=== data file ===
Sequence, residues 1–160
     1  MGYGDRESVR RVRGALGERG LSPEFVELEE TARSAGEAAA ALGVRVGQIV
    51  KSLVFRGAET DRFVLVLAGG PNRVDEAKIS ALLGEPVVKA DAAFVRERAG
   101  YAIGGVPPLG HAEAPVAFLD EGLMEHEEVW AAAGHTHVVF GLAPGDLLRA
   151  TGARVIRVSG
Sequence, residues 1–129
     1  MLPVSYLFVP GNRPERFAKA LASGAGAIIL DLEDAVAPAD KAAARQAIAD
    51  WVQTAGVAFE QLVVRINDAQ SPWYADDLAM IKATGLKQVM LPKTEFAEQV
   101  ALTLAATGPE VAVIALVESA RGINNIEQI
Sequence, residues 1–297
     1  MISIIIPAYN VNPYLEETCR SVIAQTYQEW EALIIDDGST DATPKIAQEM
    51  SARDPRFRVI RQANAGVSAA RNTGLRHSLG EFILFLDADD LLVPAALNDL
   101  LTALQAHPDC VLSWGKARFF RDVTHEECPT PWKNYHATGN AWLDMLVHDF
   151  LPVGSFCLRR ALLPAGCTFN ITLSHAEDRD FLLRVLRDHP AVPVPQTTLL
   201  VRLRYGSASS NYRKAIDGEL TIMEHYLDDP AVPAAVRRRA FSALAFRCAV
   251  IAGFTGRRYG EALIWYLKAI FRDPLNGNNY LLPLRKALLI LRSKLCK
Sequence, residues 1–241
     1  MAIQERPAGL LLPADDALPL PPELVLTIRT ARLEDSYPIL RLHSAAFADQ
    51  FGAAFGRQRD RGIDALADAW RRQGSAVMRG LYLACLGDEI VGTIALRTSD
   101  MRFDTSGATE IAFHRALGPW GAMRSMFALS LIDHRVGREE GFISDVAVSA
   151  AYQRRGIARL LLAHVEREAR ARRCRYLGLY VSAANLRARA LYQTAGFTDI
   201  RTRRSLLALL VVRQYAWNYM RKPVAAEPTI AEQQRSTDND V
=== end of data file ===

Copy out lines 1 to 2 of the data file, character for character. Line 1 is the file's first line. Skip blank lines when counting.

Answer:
Sequence, residues 1–160
     1  MGYGDRESVR RVRGALGERG LSPEFVELEE TARSAGEAAA ALGVRVGQIV